A visitor driving onto the campus of McClymonds High School for the first time is not really sure what to expect. Located in the heart of gritty, industrial West Oakland, the worst-performing school in a chronically challenged school system, Mack, as the students call it, must surely be something out of the movie Dangerous Minds: eerie, drug-infested, graffiti-festooned. But the surprising view from the central parking lot is of a clean and orderly school. A big mural is painted on one wall, boosting the home team, the Warriors, and featuring depictions of Aztec, ancient Japanese, Native American, and African fighters. On any given day, JROTC students might be lined up on the basketball court for drill. The undefeated football team could be running sprints as young women in hip-huggers walk by, holding their books and giggling to each other.
But if the school appears to be a high school like any other, the problems of the surrounding neighborhoods are never far away. More than three-quarters of all the residents of West Oakland live in poverty, and the area has the highest rate of infant mortality (16.5 percent) in all of Oakland. Gunplay and gangs are ubiquitous. A few years back, only blocks from the McClymonds campus, a van was surround by four masked gunman who pounded it with bullets. One female student was killed. Drugs are everywhere, prostitutes work San Pablo Avenue, and vast public housing tracts are punctuated by tenant hotels and vacant lots.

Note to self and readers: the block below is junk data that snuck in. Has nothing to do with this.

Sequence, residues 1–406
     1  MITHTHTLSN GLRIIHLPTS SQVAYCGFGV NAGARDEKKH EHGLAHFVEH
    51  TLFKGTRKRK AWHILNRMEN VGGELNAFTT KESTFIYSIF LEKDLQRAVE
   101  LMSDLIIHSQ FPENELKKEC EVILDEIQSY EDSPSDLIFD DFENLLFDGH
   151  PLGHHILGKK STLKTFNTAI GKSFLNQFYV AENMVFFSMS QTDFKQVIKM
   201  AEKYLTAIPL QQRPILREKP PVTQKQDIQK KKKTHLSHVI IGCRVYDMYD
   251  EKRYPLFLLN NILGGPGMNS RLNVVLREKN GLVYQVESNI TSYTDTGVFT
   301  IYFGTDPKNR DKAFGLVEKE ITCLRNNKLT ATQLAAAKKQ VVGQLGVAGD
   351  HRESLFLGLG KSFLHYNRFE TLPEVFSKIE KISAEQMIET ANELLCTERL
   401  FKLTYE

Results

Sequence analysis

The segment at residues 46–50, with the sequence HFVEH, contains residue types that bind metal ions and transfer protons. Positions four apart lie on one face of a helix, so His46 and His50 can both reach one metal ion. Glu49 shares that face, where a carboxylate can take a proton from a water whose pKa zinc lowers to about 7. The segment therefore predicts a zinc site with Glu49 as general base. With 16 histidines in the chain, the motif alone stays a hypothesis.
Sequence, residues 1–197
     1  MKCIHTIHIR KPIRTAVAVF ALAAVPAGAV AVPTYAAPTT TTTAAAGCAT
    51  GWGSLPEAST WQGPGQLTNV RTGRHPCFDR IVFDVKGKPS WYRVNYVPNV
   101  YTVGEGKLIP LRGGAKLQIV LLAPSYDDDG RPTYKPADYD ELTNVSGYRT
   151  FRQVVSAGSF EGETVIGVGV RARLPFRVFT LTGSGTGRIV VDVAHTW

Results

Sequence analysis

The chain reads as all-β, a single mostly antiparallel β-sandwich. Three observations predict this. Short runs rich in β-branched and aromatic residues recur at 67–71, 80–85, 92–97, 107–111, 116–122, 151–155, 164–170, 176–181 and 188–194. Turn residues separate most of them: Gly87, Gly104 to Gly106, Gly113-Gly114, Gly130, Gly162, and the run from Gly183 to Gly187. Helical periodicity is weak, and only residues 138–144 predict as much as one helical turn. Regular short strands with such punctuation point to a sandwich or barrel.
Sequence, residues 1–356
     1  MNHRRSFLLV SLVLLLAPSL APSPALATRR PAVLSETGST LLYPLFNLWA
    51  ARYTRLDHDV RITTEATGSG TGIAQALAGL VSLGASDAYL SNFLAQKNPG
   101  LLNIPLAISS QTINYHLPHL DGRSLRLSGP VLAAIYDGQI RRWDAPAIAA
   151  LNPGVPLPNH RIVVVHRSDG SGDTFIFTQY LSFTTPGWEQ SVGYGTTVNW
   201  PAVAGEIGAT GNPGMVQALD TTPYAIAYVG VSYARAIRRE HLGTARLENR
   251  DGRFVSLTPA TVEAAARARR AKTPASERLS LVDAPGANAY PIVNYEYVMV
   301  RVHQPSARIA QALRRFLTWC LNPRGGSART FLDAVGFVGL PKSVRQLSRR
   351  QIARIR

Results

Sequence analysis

Though McClymonds High is one of the oldest high schools in the city, it is also one of the least known; the adversity that shapes the daily life of its students has produced a tight-knit, insular community within its walls, a community most of Oakland has never seen. But now a new program at Mack hopes to break down that insularity and give a face and voice to its students.
Youth Sounds is an after-school program run from an expansive, industrial, high-ceilinged loft on the McClymonds campus. Across the door, the word "ELECTRONICS" is painted in big beige letters, the sole remainder of an older job-training model. Now, rather than television repair, these kids are learning how to create their own video documentaries, how to produce Webcast radio broadcasts, and how to create their own publications using desktop computer programs. On the right of the room are two state-of-the-art Macintosh G4 computers, to the left is a row of PCs wired into the Internet. Construction has begun on a recording studio in the back. Eventually, students will be able to produce broadcasts on TV, radio, and the Web (on youthsounds.org) as well as print media.
At the center of all this -- though he tries not to let it show -- is a young volunteer named Ken Ikeda. Though it's Ikeda's job, as the project's coordinator, to bring the whole shebang together, it is, he insists, a student-run operation. "I don't want this to be adult-driven," he says firmly. "I think one of the things that we will be struggling with is making sure that it is peer-driven. The whole idea is that we want to provide resources and structure and guidance, but not directions."